It’s a story straight out of any doctor’s worst nightmare.
Dr Naseem Tariq was a cancer surgeon and specialist, working in acute care. Just as many of his fellow hospital-based physicians did in the early stages of 2020, during the first throes of the coronavirus pandemic, Dr Tariq caught COVID-19 himself. Unlike other colleagues who contracted COVID his condition deteriorated quickly.
Dr Tariq was placed on an end of life pathway, with a prognosis nothing short of devastating. In his own words, “there was no hope that I was going to survive”.
But he did. Despite declining the use of a ventilator, Dr Tariq was able to conservatively manage himself back to health, beat the virus, and survive.
Since the dawn of time, societies and cultures have placed a kind of salience on deathbed experiences – the epiphanies and realisations that emerge in the face of our potential demise. So what does a doctor – who finds himself not only on the wrong side of the stethoscope, but thrust face to face with his own mortality – learn from such a harrowing turn as a patient?
“As an end-of-life patient myself, I was felt that people never really took the time to understand what was going on with me. They asked a few standard questions, and then walked away.
"Leaving you as a patient in a very lonely place.”
With the pandemic continuing to rage, and the doctor’s perspective of acute care for End of Life fundamentally altered, Tariq became aware of ellenor through a connection with one of our staff, Dr Sheraz Majeed. ellenor is a hospice charity which cares for patients with life-limiting conditions in the Kent and Bexley localities. After Dr Tariq’s life-changing battle with illness, it was the perfect fit.
“I wanted to broaden my perspective and widen my experience, so I decided to apply to work in palliative medicine,” Dr Tariq shares. “Not working as a surgeon, but as a physician looking after patients at the end of their lives – because I have been there, and I know how lonely it is.”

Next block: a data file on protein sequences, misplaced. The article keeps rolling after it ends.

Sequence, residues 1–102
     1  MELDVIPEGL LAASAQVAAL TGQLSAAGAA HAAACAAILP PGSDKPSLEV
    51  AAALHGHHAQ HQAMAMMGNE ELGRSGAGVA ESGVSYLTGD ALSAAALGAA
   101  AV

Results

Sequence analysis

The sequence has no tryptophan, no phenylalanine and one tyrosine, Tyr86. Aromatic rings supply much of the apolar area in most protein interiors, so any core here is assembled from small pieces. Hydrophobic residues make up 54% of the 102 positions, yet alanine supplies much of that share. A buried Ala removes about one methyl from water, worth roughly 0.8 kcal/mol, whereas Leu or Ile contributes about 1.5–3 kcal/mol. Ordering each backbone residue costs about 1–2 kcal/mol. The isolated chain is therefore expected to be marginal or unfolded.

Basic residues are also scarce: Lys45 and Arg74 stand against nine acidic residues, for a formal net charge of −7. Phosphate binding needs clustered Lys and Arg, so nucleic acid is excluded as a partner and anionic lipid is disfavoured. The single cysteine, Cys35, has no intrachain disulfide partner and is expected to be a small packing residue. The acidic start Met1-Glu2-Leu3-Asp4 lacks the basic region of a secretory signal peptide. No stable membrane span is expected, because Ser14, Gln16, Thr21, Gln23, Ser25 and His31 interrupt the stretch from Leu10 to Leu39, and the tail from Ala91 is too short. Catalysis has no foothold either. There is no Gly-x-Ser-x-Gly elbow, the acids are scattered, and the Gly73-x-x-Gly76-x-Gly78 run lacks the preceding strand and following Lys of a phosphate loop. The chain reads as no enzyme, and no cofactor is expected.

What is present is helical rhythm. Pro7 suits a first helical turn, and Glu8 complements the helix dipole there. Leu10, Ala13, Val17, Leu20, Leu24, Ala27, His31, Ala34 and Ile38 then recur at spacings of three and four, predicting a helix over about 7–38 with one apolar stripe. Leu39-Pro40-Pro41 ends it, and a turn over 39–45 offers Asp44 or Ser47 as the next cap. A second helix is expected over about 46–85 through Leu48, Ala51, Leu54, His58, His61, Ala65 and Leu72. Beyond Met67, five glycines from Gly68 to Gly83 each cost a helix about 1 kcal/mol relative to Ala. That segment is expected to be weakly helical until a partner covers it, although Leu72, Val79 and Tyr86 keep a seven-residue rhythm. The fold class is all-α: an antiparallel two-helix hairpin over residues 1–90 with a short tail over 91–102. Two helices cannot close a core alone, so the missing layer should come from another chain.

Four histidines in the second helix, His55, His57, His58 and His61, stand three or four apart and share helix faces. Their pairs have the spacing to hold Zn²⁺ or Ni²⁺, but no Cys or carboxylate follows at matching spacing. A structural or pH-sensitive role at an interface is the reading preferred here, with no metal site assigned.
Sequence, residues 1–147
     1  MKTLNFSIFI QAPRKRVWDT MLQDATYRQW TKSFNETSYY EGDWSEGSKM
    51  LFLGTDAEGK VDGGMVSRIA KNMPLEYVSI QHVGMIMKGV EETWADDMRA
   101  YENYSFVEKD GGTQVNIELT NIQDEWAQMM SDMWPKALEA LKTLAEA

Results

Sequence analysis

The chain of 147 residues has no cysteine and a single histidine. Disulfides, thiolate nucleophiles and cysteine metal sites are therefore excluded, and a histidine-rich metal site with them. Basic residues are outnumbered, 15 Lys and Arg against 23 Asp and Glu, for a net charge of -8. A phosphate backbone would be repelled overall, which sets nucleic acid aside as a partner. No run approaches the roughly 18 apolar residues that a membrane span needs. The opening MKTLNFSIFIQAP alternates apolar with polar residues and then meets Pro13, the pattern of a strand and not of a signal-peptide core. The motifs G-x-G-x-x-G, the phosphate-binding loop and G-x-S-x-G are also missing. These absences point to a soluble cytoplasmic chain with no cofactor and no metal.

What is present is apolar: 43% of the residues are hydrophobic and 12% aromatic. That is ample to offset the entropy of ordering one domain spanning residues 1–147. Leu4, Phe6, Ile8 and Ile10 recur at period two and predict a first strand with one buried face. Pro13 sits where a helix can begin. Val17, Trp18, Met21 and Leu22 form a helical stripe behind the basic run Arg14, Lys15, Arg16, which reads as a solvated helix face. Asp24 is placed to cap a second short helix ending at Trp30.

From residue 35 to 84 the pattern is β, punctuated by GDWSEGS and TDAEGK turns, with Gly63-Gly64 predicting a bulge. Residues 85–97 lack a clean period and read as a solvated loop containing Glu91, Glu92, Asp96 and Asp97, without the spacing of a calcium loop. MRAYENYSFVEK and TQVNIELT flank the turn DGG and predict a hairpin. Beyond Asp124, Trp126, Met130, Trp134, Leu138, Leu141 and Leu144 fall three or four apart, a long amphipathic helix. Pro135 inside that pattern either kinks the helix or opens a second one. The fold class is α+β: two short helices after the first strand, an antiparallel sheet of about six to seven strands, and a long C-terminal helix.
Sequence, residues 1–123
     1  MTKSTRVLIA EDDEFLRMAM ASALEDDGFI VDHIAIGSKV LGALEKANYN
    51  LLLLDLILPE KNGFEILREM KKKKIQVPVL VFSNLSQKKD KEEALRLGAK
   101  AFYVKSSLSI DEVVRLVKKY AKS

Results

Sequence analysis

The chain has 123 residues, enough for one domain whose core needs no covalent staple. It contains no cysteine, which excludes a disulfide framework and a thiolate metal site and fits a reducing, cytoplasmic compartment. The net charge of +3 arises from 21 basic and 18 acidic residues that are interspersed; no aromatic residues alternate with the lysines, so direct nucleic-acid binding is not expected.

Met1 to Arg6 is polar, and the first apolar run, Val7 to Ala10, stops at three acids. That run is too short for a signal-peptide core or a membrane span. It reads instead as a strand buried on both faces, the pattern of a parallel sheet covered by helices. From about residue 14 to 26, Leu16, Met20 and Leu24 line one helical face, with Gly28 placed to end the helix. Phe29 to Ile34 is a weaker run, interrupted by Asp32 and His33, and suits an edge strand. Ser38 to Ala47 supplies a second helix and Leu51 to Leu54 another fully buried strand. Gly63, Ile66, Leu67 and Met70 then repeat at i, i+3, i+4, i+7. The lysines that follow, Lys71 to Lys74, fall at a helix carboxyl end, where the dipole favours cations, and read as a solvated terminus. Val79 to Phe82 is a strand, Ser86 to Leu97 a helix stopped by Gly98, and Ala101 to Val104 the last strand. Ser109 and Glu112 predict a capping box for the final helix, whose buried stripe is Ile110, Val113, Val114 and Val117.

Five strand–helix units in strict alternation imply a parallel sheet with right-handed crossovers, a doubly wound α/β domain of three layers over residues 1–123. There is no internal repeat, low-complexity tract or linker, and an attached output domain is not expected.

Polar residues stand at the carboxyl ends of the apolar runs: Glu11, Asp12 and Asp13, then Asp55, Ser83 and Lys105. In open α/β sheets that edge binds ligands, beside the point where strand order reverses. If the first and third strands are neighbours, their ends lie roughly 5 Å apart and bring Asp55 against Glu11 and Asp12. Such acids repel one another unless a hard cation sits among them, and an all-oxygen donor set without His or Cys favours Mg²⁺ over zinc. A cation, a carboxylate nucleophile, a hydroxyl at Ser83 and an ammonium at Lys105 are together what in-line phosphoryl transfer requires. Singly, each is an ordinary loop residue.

Dr Tariq describes his move to ellenor as “very therapeutic” and having “offered the new perspective he was looking for”. But he’s also been able to carry over his proficiency working in an acute setting to its palliative counterpart, bringing to bear two decades of experience in a hospital to a radically different environment.
“Hospital doctors don’t know what happens to their patients when they become end of life and are transferred out of an acute setting. There’s a lot of pressure on the acute doctors, so they have no choice but to quickly turn their attention to the next patient in need of acute care. Being at ellenor now, I see that perspective – I see those patients as human beings who are no longer in the hospital, but still have a journey left in them."
"I see patients embark on a journey with us, and witness first-hand how much value we add – how much quality of life we enable them to have."
“The choices I’m able to give my patients here, I wasn’t able to provide in an acute setting because of time, acuity of patients, and different types of facilities the acute setting offers. Here, I can spend an extra half an hour with a patient. That’s what hospices can do that nobody else can. But at the same time, it’s a very different type of practice. It has a whole new impact on your personality. It changes you as a human being.”
A key tenet of ellenor’s ‘holistic’ approach to palliative care involves catering to the multiple aspects of a patient’s health. That includes treating their emotional, spiritual, social, and psychological needs, as well as their physical ones.
“What we do here is stand by our patients”, Tariq asserts. “We are there, holding their hand and being partners in their journey. We stand in for people’s fathers, mothers, grandparents, children – we are still available, even when others have left.”
The Importance of Nurses
Exemplifying the personalised, passionate approach of hospice care, Dr Tariq believes, are the efforts of ellenor’s nurses. They work both from the charity’s Northfleet-based inpatient ward, as well as providing care directly from the homes of their patients in the Gravesend community.
“No one makes this observation, but the nurses at ellenor are doing things for their patients that they probably didn’t do for their own new-born children. Here’s a dying adult, for instance, who is agitated, and totally dependent on them for personal care. The patient has wounds, they’re incontinent, they have difficulties eating.
"Nurses help them every day, and with a smile.”
Dr Tariq provides the example of one young cancer patient, who was in their late twenties when they approached the final stages of their life. “Their bravery was remarkable, but we know they were going through a bad, downhill journey in the end.
“Patients facing end-of-life face difficult situations and this can be challenging for healthcare professionals. A broad multi professional team approach, an area that hospices specialise in, is needed to support these patients and their families along their journey and the challenges they face. We managed to forge a good relationship, even with the family, and when they passed away everyone was happy that the hardship had ended in a positive way. There was closure and the family were pleased.